All medical image segmentation algorithms need to be validated and compared, and yet no evaluation framework
is widely accepted within the imaging community. Collections of segmentation results often need to be compared
and ranked by their effectiveness. Evaluation measures which are popular in the literature are based on region
overlap or boundary distance. None of these are consistent in the way they rank segmentation results: they
tend to be sensitive to one or another type of segmentation error (size, location, shape) but no single measure
covers all error types. We introduce a new family of measures, with hybrid characteristics. These measures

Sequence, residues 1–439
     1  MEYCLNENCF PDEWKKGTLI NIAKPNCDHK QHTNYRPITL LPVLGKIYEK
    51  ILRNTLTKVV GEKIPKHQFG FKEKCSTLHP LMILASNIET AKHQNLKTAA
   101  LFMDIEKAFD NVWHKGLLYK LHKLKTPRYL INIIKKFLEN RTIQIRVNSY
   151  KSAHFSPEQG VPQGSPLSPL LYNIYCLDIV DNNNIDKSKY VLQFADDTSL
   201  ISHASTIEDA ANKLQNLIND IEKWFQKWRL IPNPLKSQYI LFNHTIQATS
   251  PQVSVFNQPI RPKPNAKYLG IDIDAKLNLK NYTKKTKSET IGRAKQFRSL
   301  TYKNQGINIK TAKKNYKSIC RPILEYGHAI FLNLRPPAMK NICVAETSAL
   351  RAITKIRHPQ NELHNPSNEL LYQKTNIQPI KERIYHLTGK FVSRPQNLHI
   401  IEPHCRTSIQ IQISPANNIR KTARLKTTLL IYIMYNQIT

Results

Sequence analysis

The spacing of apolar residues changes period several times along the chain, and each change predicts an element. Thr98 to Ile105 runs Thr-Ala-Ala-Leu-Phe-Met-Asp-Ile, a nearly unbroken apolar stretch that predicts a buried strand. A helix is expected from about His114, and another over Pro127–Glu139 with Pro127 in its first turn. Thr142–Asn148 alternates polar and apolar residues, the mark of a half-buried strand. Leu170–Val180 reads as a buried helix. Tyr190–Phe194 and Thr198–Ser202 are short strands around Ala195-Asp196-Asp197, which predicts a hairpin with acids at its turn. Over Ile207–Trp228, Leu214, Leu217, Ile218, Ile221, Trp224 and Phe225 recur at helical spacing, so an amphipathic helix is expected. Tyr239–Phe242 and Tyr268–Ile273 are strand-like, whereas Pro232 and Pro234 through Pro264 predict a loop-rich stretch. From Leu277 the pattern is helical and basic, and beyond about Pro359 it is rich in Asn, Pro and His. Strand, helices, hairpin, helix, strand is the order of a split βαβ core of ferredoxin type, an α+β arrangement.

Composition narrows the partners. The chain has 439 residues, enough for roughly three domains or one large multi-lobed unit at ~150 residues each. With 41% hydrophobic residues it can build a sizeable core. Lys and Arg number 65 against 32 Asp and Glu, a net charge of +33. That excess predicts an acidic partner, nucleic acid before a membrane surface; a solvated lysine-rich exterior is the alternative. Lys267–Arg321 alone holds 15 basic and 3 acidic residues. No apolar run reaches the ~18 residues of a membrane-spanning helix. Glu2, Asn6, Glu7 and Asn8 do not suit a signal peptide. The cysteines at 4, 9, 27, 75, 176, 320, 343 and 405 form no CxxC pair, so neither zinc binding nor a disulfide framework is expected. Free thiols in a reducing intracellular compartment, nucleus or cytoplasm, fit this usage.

quantify similarity/difference of segmented regions by considering their overlap around the region boundaries.
This family is more sensitive than other measures in the literature to combinations of segmentation error types.
We compare measure performance on collections of segmentation results sourced from carefully compiled 2D
synthetic data, and also on 3D medical image volumes. We show that our new measure: (1) penalises errors
successfully, especially those around region boundaries; (2) gives a low similarity score when existing measures
disagree, thus avoiding overly inflated scores; and (3) scores segmentation results over a wider range of values. We
consider a representative measure from this family and the effect of its only free parameter on error sensitivity,
typical value range, and running time.